A confirmation hearing may be inevitable, then, with Democrats destined to air Cain’s #MeToo dirty laundry extensively and Trump-skeptical Republicans like Mitt Romney destined to scoff at his political independence from the president.

Cain, a former pizza executive and 2012 GOP presidential candidate, told The Wall Street Journal in an interview Wednesday that he is “very committed” to sticking to his potential nomination, saying, “I happen to believe that you need some new voices on the Federal Reserve.”…

Cain stood firm, telling the Journal on Wednesday: “I don’t quit because of negative criticism. I don’t quit because of negative attacks. And I don’t quit because several senators have expressed reservations about my qualifications.”

“What Kudlow was doing was giving me an out, and I appreciate that, but I don’t want an out,” Cain said. “You know that the president is a fighter, and Kudlow is a fighter. They might be getting a lot of blowback from some folks, I don’t know. But I don’t think they’re getting uncomfortable with it.”

He fights! And he’s being smart about broadcasting his commitment to seeing this through. Cain knows that the more public he is about wanting to battle for the seat, the more support for his nomination will grow among the grassroots right and the harder it’ll be for Trump to bow to McConnell’s wishes by yanking the nomination. For example, Cain has an op-ed in the Wall Street Journal today arguing that the Fed already has enough academics. What it needs, he says, is people who have firsthand business experience with markets who’ll know how to interpret the monetary signals they’re emitting:

The Fed still operates on the “professor standard,” enshrined with Bill Clinton’s nominations of pure academics. Their textbooks say strong economic growth, particularly strong wage growth, causes inflation, which Fed policy should temper. Both the Bush and Obama administrations perpetuated the professor standard, and both presided over income stagnation…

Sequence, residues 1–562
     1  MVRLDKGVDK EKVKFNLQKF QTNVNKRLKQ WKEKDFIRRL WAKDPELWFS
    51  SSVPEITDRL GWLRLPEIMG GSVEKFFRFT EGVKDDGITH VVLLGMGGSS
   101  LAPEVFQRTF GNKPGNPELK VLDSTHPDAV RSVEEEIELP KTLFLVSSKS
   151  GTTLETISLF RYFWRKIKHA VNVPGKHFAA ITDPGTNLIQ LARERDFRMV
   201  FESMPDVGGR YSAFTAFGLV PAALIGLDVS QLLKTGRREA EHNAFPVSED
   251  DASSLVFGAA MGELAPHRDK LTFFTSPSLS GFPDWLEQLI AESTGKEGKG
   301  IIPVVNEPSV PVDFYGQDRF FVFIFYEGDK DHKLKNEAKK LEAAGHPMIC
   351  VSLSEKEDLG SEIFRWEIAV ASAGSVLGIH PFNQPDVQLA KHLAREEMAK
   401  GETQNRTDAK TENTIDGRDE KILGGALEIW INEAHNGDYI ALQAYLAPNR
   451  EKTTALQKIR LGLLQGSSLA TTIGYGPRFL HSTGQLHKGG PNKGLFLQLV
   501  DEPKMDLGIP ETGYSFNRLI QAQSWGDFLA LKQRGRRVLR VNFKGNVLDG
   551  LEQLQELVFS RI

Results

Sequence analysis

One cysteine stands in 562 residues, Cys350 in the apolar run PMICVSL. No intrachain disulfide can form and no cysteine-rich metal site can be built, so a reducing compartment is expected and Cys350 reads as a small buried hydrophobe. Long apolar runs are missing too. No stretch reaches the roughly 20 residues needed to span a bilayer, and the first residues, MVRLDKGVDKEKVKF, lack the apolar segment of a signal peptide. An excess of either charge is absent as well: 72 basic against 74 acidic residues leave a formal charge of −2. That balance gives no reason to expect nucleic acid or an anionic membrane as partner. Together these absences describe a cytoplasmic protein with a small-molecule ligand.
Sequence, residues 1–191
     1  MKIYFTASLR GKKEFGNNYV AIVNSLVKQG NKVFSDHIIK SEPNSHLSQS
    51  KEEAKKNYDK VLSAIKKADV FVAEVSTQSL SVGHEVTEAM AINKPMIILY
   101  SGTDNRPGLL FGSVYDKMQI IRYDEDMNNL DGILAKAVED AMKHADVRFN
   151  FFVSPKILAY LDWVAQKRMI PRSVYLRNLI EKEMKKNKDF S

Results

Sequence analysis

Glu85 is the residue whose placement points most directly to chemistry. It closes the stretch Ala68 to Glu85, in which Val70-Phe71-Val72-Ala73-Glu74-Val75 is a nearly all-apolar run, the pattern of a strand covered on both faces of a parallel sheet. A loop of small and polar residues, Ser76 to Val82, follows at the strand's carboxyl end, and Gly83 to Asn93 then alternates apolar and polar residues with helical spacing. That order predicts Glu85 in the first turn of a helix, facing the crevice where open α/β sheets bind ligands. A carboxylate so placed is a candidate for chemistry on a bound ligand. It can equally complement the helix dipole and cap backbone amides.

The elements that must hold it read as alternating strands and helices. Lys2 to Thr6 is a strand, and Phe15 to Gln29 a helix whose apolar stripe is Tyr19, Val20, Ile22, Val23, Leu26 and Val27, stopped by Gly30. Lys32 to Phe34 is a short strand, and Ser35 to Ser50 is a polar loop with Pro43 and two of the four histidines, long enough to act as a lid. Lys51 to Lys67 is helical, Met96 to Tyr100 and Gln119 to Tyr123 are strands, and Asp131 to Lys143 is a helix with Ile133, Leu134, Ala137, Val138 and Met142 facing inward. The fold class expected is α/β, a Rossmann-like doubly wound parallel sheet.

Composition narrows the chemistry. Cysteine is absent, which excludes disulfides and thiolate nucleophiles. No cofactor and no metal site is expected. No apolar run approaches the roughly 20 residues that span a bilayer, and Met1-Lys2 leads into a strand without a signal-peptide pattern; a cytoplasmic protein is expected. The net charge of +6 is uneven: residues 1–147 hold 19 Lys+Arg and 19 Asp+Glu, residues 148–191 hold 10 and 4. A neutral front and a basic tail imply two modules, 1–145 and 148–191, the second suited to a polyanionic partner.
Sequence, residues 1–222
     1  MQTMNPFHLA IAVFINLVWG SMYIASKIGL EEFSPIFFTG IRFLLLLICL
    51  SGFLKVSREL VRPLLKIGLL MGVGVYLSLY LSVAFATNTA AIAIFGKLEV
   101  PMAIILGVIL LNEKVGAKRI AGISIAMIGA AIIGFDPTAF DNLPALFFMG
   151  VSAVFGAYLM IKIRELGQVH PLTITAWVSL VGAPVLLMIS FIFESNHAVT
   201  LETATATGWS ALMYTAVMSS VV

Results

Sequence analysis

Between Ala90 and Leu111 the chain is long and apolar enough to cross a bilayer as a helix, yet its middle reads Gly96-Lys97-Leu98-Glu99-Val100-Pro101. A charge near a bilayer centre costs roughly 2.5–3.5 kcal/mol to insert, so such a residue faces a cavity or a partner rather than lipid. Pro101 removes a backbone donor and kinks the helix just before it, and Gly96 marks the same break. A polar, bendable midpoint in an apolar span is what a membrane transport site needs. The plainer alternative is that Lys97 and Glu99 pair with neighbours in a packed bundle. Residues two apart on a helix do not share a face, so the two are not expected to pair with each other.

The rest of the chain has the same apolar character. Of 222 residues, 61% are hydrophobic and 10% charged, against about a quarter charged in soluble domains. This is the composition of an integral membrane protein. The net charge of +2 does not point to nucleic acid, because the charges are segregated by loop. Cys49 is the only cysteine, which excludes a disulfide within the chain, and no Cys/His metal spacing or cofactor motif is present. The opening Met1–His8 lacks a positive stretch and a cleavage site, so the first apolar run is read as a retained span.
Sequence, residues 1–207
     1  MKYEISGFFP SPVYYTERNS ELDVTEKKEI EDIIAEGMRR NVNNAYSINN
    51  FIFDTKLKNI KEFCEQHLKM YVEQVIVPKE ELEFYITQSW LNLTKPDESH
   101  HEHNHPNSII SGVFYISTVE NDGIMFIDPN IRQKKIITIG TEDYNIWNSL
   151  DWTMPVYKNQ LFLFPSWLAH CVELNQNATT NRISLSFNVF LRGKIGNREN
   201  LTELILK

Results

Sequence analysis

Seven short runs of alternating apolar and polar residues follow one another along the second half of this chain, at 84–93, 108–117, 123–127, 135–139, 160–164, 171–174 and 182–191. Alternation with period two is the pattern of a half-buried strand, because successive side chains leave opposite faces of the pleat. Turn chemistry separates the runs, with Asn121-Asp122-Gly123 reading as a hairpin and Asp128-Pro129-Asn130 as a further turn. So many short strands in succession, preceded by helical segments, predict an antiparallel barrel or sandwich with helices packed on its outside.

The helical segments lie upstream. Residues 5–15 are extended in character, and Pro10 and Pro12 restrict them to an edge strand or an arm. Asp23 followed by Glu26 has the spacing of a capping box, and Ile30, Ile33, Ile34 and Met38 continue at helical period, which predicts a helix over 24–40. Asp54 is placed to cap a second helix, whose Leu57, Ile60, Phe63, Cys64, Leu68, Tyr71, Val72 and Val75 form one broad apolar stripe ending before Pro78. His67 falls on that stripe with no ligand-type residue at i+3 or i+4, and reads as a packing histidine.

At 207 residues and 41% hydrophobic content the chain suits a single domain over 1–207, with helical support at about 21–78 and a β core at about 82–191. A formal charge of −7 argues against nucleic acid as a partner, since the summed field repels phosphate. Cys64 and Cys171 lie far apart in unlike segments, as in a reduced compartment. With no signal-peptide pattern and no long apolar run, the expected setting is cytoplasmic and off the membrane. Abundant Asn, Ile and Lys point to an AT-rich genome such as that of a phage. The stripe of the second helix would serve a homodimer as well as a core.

We need new voices at the Fed that understand stable money and know how to interpret important market signals—and that means breaking the professor standard. Monocultures tend to be fragile, but is the Fed so closed off that it can’t handle challenges to its models or the assumptions that feed them? So fragile it can’t consider that the economy is driven by production, not consumption, and that the dollar’s commodity value is important to the real investment that fuels production? I hope not.

Do you want more Ivory Tower eggheads on the Fed or do you want hardnosed business people who actually know what they’re talking about? Which sort of person should the Trump revolution bring to power? He’s making it awfully hard on the White House to cut him loose with arguments like that. And yet:

Not just Cain but Trump’s other nominee, Stephen Moore, is at risk. I’ve been thinking that the Senate GOP might try to split the baby in this case, rejecting Cain but confirming Moore as a sop to the White House. But that’s politically dicey too. Unless Republicans make a big show of the #MeToo concerns about Cain in voting him down, it’ll be hard to argue that he’s meaningfully less qualified for the position than Moore is. Remember that Cain was chairman of the Federal Reserve Bank in Kansas City years ago. Confirming Moore, a white candidate, but not Cain under those circumstances is … bad optics, shall we say. And given how badly Cain seems to want the seat, he might notice those optics and call attention to them.

Here he is on Fox Business, again playing to a Trump-friendly audience by vowing to fight for the seat. If I were a nominee for a Fed spot and one of the knocks against me was that I was too much of a crony for the president to be trusted with that role, I probably would have declined the invitation here to defend Trump on an unrelated, politically supercharged matter like Russiagate.

The post Herman Cain to Senate GOP: No, I won’t withdraw from consideration for a Fed seat appeared first on Hot Air.

Westlake Legal Group hc-300x159 Herman Cain to Senate GOP: No, I won’t withdraw from consideration for a Fed seat Trump The Blog stephen moore Senate seat reserve powell herman hearing Fed confirmation cain   Real Estate, and Personal Injury Lawyers. Contact us at: https://westlakelegal.com